I don’t mean to be divisive or anything and I understand “clean reading” and all but if you’ve ever read the Holy Bible Old Testament there is murder and “gasp” sex~~can anyone say King David?? Granted we don’t get a play by play, except maybe The Song of Solomon {wink}….which I don’t agree with heavy sex scenes and bad words in novels, but you can always “skip” those parts as an old Grandmommy told me once.

        I’m just like a wide variety in my reading. There are some really good authors out there. Amish living is just one of my many interests…and I’m sure if the Amish Ladies and Men told the truth they have a liking for things that aren’t always on the Ordnung…haha!!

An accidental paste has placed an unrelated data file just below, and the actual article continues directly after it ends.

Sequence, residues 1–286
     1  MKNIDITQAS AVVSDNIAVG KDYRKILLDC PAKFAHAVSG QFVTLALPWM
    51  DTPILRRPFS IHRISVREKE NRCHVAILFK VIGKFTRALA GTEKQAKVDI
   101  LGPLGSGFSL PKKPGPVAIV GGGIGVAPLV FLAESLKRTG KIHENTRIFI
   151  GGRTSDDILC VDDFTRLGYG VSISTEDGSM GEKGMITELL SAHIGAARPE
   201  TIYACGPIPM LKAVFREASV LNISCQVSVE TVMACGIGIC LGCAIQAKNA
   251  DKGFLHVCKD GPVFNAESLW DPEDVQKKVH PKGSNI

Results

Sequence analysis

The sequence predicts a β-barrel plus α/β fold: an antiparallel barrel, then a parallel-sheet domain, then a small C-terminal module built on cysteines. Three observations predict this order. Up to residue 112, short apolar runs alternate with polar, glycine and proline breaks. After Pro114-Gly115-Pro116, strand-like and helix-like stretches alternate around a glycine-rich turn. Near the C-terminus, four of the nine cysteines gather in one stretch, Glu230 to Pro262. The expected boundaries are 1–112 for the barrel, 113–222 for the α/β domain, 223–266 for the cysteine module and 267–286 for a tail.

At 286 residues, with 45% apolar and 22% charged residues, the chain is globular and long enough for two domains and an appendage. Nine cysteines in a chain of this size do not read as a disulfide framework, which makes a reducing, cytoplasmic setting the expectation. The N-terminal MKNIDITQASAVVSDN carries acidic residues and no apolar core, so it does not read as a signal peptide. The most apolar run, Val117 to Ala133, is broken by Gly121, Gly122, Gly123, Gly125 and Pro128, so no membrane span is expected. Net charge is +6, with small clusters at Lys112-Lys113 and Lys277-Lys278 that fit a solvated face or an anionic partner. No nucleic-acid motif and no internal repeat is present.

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          Loyd
          Comment on Amish Fiction (April 4th, 2013 at 04:58)

          Amish Fiction

          Tammy,
          I agree with you that there are probably things some of the Amish men and ladies would like to do that are not in the “ordnung”. Lets face it we are all human. Look at what Sam Mullet did with his people that led to the hair cutting incidents. I know it personally, because I grew up Amish and left when I was 18.
          If the authors want to write about the Christian life of the Amish it should include the good and the bad. Don’t get me wrong, I love the Amish, and have many uncles, aunts and cousins who are Amish.

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    AmyJo
    Comment on Who reads Amish fiction? (March 25th, 2013 at 10:13)